Over the past month, India's Prime Minister has used the stick on his people in an attempt to force them to give up their cash and move all commerce into a systematic financial process that could be monitored and taxed by government authorities. This of course led to a massive backlash as a society that for centuries has run primarily on cash, and where only 36% of the population even has a bank account, rushed instead to exchange their currency for gold rather than deposit their cash into the banks.
Now however, Prime Minister Modi appears to be switching his stick for the carrot and is using a different means to try to entice India's 1.4 billion people into the banking system by proposing a scheme of free money, or a Universal Basic Income, to get a large portion of the population reliant upon the government and more amenable to buying into their financial system.
The Indian government is likely to introduce Universal Basic Income, a practice of paying every person a fixed sum of money as a means to stimulate the economy and improve the quality of life of its citizens, according to the concept’s leading proponent.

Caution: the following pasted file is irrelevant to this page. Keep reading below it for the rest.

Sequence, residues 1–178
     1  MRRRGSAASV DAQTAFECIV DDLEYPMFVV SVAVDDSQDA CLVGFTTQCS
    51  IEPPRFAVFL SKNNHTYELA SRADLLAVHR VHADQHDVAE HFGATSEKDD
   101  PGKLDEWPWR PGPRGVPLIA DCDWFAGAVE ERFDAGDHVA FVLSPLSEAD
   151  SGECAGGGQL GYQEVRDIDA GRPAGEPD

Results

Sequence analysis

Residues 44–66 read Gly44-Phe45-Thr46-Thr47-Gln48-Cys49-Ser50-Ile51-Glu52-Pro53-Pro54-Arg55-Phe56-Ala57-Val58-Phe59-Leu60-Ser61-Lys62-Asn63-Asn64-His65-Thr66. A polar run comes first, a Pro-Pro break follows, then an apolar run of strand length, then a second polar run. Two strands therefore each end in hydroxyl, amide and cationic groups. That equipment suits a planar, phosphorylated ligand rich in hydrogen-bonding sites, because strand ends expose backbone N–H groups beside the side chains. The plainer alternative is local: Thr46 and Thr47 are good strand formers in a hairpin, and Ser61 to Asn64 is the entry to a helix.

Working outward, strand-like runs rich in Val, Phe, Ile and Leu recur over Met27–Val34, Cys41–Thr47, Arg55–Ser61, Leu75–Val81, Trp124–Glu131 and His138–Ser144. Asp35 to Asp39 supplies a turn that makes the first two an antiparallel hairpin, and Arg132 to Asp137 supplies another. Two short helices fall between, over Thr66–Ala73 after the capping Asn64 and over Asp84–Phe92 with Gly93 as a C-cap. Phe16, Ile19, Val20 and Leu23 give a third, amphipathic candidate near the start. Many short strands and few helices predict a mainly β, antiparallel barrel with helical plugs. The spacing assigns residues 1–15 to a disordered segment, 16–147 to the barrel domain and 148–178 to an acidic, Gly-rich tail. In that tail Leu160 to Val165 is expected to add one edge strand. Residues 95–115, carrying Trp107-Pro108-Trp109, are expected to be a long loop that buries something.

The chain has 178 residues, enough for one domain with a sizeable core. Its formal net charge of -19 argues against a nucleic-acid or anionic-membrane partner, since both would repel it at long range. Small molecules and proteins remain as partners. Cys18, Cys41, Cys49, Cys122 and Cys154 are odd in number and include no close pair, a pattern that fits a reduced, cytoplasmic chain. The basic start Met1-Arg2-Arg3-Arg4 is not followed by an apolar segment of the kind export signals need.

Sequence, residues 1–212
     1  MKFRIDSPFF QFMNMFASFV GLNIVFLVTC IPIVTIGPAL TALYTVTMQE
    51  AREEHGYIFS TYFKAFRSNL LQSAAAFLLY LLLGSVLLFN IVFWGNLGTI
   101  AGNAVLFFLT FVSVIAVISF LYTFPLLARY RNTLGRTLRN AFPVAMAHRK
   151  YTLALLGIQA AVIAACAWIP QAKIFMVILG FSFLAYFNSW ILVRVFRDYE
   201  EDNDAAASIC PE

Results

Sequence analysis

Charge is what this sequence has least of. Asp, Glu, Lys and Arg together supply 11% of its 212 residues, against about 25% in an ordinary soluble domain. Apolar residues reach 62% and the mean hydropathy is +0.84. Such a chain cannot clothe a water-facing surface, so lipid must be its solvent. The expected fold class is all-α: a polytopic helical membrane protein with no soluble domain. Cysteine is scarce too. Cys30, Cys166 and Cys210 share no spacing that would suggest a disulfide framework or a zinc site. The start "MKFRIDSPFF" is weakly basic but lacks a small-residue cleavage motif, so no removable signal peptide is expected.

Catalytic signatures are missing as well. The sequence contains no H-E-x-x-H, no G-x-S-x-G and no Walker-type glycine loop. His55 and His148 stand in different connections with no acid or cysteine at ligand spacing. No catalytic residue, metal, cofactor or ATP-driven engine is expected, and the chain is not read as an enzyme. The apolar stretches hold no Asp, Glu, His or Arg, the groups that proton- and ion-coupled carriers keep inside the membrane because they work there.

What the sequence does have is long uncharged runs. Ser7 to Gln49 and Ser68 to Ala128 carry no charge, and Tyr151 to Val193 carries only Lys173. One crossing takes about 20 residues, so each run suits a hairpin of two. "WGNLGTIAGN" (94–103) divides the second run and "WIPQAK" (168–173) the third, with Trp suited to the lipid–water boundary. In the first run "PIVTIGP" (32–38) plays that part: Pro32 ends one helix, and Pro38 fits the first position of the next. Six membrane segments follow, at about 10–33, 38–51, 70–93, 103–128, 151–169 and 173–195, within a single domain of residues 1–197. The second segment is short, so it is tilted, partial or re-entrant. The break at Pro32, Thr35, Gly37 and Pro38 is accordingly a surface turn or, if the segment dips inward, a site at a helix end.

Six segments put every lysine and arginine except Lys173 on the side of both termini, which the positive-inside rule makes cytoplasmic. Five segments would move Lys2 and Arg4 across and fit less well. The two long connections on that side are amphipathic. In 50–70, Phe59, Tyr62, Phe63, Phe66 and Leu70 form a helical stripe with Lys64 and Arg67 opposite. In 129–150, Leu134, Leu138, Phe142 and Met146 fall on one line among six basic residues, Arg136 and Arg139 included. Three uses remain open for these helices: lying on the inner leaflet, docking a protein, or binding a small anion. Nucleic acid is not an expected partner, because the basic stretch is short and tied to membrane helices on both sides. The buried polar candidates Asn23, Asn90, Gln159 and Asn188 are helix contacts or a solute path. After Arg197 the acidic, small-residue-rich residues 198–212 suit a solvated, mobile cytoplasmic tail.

The Indian government is preparing a report documenting that a Universal Basic Income (UBI) is "feasible" and "basically the way forward," according to professor Guy Standing, a leading advocate for UBI, and the leader of the Basic Income Earth Network movement (BIEN). - Sputnik News
The ultimate goal of the Universal Basic Income system is to try to get everyone reliant upon the government, and their money stored in the banks where at a later time the ultimate agenda of a cashless society can be instituted. But to do this it may take a financial crisis of epic proportion to achieve this, and that may be coming much sooner than people could imagine.